We are all equal in Christ’s estimation:
“But now that faith has come, we are no longer under a tutor. For you are all sons of God through faith in Christ Jesus. For all of you who were baptized into Christ have clothed yourselves with Christ. There is neither Jew nor Greek, there is neither slave nor free man, there is neither male nor female; for you are all one in Christ Jesus.” Galatians 3:25-28
Is that what we don’t like? Is that the root of what divides us? That by being made equal in Christ, our fallen nature tells us we are no longer more special, more unique or more right than someone else?
If so, we haven’t absorbed the revealed mystery that is the Gospel: that Christ died for each one of us fallen individuals—each one loved equally by God (John 3:16, Romans 5:8, 1 Timothy 2:1-6).
“Therefore if you have been raised up with Christ, keep seeking the things above, where Christ is, seated at the right hand of God. Set your mind on the things above, not on the things that are on earth. For you have died and your life is hidden with Christ in God.” Colossians 3:1-3
copyright Barb Harwood
Saturday, March 26, 2016
Friday, March 18, 2016
In Romans 1:5 we read that obedience comes from faith. So faith comes first; obedience follows.
Some may make the excuse that they don’t have enough faith to obey, which I would then answer with:
“Spending time in the word and prayer will grow our faith, as will meditating on how far God has brought us and how He has already answered prayer” (Romans 15:4; Matthew 7:7-11; Mark 5:19-20; Psalm 102:19-20; 1 John 5:14).
If we are not willing to put the time and study into growing our faith, then I believe we do not sincerely desire to be obedient.
Obedience, rightly understood, is a front-end act: the Bible doesn’t say that if we obey, then the specifics of how we want to orchestrate life will materialize.
It doesn’t say, for example, that obedience will bring physical healing. While Jesus does say, in Mark 5, 10 and Luke 17, that faith has healed a person, it doesn’t delineate whether the person’s faith was in being healed or whether the person’s faith was in Jesus’ power to heal.
Jesus is not implying that our faith will always heal us from physical infirmity (healing in Jesus’ economy involves physical, spiritual, mental and emotional. So we best be careful about limiting the word "healing" when used in Scripture to physical recovery alone.)
I have written a rather lengthy article on the topic of physical healing in Scripture, and will not repeat it here. Suffice it to say, in discussing the teaching that obedience comes from faith, that one of the things we have faith in is God’s power to physically heal us if it is in His will to do so.
Our faith leads us to obey God by trusting Him for our physical healing, because we know He can do it, whether He actually does or not. And we continue to trust Him even when the specific kind of healing we desire does not come, because we can trust that God is healing and strengthening us in other ways (2 Corinthians 12:9).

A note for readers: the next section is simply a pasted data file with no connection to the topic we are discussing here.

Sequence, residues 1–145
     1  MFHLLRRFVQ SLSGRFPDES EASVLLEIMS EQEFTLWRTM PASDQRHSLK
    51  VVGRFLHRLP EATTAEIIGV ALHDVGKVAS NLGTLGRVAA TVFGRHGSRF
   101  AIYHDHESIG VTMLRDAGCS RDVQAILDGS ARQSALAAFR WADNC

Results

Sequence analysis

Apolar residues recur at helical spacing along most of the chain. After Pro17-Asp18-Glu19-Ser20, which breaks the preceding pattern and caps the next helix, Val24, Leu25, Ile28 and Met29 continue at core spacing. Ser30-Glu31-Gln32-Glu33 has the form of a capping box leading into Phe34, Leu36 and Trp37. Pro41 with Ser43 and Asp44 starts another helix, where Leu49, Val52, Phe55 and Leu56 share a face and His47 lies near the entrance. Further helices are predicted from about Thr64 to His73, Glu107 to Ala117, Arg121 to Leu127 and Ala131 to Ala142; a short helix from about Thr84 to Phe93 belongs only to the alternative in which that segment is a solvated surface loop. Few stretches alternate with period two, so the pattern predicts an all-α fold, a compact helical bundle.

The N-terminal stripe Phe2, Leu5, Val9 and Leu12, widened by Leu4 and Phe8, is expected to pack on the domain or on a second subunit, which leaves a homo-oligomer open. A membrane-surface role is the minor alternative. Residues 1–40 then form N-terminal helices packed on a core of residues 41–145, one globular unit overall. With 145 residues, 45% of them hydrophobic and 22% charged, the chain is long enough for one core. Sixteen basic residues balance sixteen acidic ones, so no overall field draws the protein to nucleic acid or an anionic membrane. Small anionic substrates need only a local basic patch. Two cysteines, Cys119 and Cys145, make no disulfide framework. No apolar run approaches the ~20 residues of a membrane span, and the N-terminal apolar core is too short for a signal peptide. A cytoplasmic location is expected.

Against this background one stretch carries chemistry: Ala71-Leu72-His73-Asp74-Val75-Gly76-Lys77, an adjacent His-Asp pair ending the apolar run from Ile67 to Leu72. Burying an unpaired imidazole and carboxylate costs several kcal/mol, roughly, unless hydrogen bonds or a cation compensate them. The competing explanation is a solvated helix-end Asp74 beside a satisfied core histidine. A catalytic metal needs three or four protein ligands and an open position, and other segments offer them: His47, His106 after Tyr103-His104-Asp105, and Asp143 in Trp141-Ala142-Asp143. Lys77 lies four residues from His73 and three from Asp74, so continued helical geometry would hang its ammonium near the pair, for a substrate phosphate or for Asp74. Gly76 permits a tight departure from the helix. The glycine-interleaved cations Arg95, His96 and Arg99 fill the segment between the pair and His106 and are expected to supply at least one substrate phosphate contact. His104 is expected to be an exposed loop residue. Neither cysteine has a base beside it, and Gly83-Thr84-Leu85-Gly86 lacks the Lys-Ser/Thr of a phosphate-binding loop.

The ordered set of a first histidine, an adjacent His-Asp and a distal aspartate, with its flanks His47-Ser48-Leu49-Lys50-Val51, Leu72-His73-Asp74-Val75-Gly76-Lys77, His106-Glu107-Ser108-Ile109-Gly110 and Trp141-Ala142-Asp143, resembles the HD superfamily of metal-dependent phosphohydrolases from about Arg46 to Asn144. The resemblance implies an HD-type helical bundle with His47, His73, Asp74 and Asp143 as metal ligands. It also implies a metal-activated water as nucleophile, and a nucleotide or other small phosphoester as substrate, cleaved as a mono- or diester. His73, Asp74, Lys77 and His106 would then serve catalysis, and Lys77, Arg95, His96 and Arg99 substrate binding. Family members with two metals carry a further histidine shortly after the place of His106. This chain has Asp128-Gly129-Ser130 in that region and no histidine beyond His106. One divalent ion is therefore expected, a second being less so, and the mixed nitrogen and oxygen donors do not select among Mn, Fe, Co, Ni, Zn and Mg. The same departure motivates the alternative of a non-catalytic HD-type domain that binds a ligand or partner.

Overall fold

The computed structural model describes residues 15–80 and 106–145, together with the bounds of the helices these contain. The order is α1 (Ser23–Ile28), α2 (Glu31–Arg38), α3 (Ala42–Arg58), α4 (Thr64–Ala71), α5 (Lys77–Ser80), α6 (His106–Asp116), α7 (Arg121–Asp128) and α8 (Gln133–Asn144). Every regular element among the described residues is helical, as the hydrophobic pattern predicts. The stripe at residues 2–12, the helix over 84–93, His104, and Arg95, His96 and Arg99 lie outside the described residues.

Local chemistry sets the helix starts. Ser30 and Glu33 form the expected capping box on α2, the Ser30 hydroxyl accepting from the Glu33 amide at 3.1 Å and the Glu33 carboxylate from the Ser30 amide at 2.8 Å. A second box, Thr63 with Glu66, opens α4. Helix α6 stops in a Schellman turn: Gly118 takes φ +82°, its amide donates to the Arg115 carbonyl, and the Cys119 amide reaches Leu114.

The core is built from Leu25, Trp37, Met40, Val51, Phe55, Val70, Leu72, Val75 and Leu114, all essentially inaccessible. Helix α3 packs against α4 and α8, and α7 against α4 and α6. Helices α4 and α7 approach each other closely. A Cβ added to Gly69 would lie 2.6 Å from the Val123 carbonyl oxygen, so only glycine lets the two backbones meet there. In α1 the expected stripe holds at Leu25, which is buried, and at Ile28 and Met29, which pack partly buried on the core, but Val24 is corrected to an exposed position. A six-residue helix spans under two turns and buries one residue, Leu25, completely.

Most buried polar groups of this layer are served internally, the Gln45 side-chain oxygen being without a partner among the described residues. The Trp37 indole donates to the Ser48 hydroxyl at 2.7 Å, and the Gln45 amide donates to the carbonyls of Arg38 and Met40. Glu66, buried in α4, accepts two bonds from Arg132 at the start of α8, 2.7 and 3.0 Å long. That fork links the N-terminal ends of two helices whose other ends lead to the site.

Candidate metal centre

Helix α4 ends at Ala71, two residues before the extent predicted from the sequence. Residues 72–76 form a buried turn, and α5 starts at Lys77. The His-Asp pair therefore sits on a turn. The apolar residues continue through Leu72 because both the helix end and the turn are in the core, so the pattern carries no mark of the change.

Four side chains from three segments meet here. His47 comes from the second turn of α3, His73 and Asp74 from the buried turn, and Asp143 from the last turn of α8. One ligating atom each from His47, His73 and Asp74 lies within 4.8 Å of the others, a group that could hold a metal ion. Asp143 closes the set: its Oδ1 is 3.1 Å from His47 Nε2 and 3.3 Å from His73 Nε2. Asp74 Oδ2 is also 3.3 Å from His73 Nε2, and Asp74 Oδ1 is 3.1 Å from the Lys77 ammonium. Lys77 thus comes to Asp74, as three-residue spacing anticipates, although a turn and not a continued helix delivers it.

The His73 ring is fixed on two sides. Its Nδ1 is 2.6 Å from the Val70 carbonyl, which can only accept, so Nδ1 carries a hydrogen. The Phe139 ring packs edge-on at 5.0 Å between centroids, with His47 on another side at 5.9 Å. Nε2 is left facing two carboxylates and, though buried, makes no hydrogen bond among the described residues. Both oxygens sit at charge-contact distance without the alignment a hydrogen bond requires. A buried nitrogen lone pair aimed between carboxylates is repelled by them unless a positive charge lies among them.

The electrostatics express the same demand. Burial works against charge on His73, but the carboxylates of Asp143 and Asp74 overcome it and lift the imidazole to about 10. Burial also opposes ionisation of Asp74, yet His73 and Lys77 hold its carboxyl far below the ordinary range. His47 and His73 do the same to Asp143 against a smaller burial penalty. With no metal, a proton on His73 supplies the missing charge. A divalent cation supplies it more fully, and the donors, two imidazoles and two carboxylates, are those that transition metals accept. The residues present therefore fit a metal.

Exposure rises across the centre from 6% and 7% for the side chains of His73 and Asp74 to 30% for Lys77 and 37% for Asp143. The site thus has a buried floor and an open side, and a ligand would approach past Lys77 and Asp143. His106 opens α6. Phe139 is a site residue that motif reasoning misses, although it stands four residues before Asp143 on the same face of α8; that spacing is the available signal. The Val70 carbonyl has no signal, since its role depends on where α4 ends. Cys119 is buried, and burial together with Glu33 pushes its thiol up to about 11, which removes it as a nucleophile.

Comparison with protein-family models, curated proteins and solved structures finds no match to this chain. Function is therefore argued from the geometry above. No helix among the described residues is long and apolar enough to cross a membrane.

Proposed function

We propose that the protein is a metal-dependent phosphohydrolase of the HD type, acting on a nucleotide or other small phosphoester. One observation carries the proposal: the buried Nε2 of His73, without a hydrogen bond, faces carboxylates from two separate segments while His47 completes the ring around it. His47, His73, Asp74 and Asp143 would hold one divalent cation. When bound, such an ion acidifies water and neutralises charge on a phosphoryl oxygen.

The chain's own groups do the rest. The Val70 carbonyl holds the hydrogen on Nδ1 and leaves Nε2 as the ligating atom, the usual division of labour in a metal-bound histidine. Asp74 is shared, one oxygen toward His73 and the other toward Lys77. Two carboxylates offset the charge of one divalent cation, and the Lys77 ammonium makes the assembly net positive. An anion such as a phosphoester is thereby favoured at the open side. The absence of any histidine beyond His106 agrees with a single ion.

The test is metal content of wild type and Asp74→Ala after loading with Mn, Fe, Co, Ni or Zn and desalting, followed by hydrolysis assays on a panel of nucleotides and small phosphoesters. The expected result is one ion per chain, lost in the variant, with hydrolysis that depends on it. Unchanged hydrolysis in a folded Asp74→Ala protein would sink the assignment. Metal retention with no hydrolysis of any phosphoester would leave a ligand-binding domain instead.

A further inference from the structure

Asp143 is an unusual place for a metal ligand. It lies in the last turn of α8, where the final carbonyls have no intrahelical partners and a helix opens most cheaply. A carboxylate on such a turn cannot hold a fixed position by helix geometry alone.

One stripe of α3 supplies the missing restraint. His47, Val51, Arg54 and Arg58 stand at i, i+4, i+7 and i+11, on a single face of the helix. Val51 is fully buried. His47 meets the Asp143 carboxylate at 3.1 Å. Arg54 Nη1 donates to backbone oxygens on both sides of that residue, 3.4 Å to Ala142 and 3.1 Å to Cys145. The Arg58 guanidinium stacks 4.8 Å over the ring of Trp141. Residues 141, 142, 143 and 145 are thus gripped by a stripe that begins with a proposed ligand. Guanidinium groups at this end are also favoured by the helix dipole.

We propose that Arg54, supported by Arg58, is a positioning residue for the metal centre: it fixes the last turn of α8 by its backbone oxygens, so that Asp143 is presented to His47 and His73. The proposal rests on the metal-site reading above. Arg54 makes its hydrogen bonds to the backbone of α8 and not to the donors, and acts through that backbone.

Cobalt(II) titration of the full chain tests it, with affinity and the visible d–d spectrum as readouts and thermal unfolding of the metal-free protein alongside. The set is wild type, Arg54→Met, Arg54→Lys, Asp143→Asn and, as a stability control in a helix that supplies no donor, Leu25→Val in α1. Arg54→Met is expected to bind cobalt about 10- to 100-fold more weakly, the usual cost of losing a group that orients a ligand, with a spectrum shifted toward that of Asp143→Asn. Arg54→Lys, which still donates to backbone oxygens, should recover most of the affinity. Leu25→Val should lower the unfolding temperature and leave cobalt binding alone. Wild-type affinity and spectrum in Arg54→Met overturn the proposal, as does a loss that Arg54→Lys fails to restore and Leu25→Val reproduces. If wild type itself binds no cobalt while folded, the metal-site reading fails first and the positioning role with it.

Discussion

The verse I like to look at here (recorded in Luke 5, Matthew 8 and Mark 1) is when a man with leprosy comes to Jesus and says:
“If you are willing, you can heal me and make me clean.”
Jesus’ response is:
“I am willing.”
See, the leper trusted Jesus enough to say, “if you are willing,” never doubting that Jesus can and does heal. The sick man had faith that led to obedience to trust Jesus to make the final determination as to how things ought to turn out.
This can be applied to all areas of life.
When we, out of an ever deepening and firmly rooted faith, obey, we do not concern our self with God’s end results. That alone frees us from so much of what clouds our faith to begin with. We, like Paul, can keep ourselves on the front end: steering our walk forward in faithful obedience, in total contentment that God’s will be done, come what may.
“Now may the God of hope fill you with all joy and peace in believing, so that you will abound in hope by the power of the Holy Spirit.” Romans 15:13
Wednesday, March 16, 2016
We believe, with all our hearts, the Scripture’s teaching about Jesus, but do we take seriously and act on the call He makes on our thoughts and attitudes?
Do we profess with our mouth that Jesus is Lord but remain ignorant of the next step, which is to act accordingly—inwardly as well as out?
When I first began the Christian life, I grew strong in firm belief yet persisted in faulty inward living.
I could be found to be outwardly serving, yet failing to live the Christian life in the more obscure and much less exotic Christian circle of home, inner attitude, and accountability to God in what I deemed to be less desirable responsibilities.
While I esteemed it correct to follow God’s call to serve “out there” in tangible ways, I neglected to gain traction with Christ’s admonition to follow Him in how I live on the inside. Like the Pharisees, my cup was often clean on the outside only (Luke 11:37-53; Matthew 23).
Progress in the inner Christian life is requisite (2 Peter 1), and if we look at this verse, it isn’t talking about increasing our time in a soup kitchen or on mission trips. I think it goes without saying that physical service is expected, and certainly a good thing. And when we talk about spiritual inner maturity we are not discounting physical outward service.